The Objective

Main purpose of this year's project is to investigate how the area changes when a sine curve is added to the graph of a circle. By using the program Nucalc, I plan on calculating the areas of different morphed circles and see how they change with distinct sine functions. My hypothesis is that when adding a sine curve to a circular graph, the area of the morphed circle will not change from that of the original circle.

Methods/Materials

In rectangular form, I graphed a circle and overlaid it with the graph of a circle with the same radius but with a sine function added to its equation.

I decided to calculate the area of the whole morphed circle and compared it to that of the original circle.

I repeated this with circles ranging from radii of 2 through 5 and with sine functions with various periods.

Next, I looked at morphed circles in polar form.

I graphed the circle r = 2. and overlaid it with the equation r 2 + sin(theta) = 4.

I then calculated its area.

I repeated this several times using the same circle, but I just increased the value of n in sin(ntheta).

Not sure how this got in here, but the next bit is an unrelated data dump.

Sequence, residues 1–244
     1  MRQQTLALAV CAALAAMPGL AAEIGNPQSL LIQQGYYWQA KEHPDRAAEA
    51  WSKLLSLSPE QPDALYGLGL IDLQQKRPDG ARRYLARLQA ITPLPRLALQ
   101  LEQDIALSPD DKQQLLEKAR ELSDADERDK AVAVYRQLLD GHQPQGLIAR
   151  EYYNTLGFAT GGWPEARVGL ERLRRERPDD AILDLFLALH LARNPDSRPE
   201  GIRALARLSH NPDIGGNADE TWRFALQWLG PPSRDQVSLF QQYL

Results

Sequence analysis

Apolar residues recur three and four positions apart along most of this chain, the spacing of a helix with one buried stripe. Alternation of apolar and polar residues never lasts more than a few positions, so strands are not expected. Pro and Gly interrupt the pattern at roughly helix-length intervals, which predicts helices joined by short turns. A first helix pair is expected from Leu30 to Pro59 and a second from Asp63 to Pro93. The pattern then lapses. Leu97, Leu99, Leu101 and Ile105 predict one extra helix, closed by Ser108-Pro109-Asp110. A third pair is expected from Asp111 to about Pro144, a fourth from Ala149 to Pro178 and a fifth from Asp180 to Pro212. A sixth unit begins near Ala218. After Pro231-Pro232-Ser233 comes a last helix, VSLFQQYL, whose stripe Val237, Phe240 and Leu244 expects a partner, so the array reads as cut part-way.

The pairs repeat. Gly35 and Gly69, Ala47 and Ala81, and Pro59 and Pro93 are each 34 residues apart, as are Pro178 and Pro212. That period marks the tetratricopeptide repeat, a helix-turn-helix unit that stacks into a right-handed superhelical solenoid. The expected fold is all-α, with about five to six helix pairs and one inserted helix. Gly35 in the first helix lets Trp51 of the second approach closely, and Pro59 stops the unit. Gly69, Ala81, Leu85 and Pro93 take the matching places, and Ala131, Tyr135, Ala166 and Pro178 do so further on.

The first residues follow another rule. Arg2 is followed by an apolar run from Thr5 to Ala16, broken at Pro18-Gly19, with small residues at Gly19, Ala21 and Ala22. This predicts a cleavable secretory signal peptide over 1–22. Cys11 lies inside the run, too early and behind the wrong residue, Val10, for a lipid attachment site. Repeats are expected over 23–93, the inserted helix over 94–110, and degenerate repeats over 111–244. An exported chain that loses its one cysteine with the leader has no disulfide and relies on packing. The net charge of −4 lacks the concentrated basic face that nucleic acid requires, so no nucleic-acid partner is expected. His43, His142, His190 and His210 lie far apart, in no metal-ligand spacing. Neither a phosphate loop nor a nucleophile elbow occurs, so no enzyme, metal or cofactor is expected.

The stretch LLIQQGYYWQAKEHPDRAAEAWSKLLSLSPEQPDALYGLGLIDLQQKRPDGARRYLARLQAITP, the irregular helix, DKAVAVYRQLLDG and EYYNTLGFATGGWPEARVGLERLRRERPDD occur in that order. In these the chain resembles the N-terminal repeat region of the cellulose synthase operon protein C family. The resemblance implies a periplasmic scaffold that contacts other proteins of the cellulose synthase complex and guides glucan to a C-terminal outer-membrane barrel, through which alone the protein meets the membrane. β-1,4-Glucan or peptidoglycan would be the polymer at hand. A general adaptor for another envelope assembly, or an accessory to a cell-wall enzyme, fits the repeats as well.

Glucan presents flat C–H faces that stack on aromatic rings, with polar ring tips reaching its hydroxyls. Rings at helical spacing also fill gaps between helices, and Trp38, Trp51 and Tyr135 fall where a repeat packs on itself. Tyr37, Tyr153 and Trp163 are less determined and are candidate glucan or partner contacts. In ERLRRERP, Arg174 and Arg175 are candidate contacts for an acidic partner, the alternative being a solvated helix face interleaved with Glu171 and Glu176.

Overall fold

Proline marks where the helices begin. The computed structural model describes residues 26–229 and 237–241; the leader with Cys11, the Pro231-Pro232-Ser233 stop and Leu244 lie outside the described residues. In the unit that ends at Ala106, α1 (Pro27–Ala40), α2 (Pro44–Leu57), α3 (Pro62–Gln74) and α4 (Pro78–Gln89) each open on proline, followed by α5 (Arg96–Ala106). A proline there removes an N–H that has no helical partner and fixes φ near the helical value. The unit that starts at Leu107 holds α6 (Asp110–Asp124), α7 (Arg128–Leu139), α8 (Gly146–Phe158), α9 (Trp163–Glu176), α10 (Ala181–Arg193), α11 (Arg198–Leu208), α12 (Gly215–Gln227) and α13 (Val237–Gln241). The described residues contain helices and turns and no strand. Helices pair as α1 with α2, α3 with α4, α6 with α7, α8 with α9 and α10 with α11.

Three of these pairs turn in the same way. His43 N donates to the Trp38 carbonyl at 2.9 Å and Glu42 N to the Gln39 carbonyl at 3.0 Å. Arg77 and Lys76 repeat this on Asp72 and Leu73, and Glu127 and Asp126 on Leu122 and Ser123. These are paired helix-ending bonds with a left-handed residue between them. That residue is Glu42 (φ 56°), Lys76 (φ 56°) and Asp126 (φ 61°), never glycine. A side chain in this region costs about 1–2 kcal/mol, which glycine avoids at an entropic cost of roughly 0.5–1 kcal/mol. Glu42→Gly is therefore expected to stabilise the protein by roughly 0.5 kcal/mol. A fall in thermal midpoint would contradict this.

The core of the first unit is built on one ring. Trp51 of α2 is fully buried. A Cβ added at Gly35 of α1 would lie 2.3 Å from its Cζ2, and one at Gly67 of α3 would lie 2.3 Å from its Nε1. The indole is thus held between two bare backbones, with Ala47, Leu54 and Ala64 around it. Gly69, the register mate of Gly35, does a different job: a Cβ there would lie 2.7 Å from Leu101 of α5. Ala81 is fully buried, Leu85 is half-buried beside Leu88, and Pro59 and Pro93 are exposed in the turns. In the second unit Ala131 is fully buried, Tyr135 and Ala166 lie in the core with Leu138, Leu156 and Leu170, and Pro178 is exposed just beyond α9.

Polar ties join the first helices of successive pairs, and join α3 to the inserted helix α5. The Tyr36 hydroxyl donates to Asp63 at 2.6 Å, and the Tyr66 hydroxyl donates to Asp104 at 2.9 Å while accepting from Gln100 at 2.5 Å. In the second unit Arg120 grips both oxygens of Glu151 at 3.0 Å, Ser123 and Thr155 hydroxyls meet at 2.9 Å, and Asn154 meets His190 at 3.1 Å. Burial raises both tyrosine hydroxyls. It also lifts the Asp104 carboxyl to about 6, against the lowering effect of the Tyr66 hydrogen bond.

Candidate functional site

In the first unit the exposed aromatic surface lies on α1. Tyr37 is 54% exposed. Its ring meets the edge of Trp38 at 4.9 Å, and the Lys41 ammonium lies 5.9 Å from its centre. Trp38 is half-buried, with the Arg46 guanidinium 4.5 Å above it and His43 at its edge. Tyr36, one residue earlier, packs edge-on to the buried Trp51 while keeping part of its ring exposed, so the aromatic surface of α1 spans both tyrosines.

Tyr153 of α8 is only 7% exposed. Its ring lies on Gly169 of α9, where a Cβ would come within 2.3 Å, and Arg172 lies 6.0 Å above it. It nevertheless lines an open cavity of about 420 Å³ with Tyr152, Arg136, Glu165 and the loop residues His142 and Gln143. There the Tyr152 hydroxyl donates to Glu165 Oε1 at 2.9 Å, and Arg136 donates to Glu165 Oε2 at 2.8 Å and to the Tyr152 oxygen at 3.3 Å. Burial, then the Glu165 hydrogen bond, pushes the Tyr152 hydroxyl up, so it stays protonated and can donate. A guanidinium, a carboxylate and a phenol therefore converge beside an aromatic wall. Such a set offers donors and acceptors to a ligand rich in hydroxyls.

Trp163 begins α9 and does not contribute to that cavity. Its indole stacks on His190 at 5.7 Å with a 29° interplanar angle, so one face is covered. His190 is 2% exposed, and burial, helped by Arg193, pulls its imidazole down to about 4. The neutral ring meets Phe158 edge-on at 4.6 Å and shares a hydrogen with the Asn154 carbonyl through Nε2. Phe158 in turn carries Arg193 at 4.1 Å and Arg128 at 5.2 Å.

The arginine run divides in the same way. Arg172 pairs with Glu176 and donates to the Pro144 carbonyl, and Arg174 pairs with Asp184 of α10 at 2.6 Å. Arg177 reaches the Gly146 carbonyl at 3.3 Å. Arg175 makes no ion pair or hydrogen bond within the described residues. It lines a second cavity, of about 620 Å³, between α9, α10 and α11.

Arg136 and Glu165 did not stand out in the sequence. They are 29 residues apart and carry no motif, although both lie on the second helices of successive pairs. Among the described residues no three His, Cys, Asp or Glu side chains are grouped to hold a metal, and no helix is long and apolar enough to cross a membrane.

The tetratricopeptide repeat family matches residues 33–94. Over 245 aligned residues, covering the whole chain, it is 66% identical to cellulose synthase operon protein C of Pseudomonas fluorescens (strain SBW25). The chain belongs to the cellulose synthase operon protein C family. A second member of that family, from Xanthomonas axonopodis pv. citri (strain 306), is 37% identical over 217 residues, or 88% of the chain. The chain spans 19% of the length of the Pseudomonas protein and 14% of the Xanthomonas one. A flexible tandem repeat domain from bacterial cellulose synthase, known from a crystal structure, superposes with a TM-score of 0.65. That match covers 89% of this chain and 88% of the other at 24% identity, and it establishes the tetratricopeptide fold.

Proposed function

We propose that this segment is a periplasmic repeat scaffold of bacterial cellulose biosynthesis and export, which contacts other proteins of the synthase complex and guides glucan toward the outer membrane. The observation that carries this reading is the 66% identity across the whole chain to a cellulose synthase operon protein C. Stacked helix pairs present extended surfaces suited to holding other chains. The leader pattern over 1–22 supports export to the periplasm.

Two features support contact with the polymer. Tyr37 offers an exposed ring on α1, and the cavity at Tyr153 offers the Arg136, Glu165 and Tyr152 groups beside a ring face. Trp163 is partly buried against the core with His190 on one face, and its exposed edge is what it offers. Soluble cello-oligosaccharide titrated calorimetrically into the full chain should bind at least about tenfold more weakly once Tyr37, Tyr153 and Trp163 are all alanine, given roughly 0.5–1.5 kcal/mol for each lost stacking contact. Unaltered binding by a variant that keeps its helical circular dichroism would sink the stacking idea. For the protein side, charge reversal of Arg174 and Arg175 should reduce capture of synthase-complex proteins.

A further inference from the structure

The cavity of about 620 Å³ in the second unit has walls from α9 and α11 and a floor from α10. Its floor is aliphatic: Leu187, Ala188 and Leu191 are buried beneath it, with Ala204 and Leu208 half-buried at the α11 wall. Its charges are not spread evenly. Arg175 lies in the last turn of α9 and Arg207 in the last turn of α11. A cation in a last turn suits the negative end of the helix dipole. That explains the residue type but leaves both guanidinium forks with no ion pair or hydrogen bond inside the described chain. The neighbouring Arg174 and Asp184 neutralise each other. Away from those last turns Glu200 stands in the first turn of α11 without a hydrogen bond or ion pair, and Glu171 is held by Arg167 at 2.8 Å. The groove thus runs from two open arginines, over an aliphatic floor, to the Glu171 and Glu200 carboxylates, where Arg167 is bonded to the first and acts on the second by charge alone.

I also looked at graphing the morphed circles by using r + sin(ntheta) = 2.

I calculated the area using the same formula, and I then compared it to the original circle.

I also altered the value of n to look at different morphed circles.

Results

In rectangular form, I noticed that the morphed circle areas were really close in value to the areas of the original circle.

This is because the area of the morphed circle is going to be equal to the area of the original circle.

The integral of sine from 0 to 2pi is simply 0, so when you add it to any graph that you are calculating the area of, you are simply just adding zero.

Since I was approximating the limits of the morphed circle in order to find the area, my calculations were not the exact values.

When calculating the areas of the morphed circles with the equations r + sin(ntheta) = c, in which c is a constant representing the radius of the original circle, the area would always be pi/2 more than the area of the original circle.

When I looked at morphed circles with equations r 2 + sin(ntheta) = c 2, the areas of these equaled the areas of the original circles.

Conclusions/Discussion

My hypothesis was fairly accurate. Knowing how to calculate the areas of morphed circles could be helpful because you can take a complex shape and make them into simpler ones, which would be easier to work with.

I want to see how the area changes when a sine function is added to a circular graph.

**Science Fair Project done By Stephanie Salcedo**

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